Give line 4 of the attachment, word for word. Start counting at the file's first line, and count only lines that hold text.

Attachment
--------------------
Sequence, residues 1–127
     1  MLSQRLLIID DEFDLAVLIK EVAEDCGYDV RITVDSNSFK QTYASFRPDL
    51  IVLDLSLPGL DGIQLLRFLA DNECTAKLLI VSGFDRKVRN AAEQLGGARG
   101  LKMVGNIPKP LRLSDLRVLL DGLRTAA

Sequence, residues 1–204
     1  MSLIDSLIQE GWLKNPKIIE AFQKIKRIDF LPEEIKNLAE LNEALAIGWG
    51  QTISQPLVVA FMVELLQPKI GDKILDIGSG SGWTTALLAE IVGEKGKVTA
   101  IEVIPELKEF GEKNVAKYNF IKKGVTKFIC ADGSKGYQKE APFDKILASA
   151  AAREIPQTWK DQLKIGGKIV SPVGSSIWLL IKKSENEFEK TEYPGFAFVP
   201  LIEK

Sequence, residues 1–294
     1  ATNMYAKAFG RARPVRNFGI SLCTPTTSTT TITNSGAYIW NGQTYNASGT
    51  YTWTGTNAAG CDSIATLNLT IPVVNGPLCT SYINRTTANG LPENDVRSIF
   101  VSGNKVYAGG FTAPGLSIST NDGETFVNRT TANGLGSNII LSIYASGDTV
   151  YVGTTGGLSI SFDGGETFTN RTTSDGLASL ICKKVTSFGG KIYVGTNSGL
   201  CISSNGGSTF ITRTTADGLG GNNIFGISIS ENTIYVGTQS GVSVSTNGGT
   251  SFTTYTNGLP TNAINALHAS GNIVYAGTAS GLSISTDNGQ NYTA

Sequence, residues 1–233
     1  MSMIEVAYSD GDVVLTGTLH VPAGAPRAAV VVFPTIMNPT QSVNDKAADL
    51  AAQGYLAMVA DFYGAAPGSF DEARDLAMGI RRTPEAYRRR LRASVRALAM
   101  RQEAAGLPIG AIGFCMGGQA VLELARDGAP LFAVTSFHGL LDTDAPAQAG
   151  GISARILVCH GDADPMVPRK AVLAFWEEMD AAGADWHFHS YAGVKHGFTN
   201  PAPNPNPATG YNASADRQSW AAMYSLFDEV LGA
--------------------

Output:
   101  LKMVGNIPKP LRLSDLRVLL DGLRTAA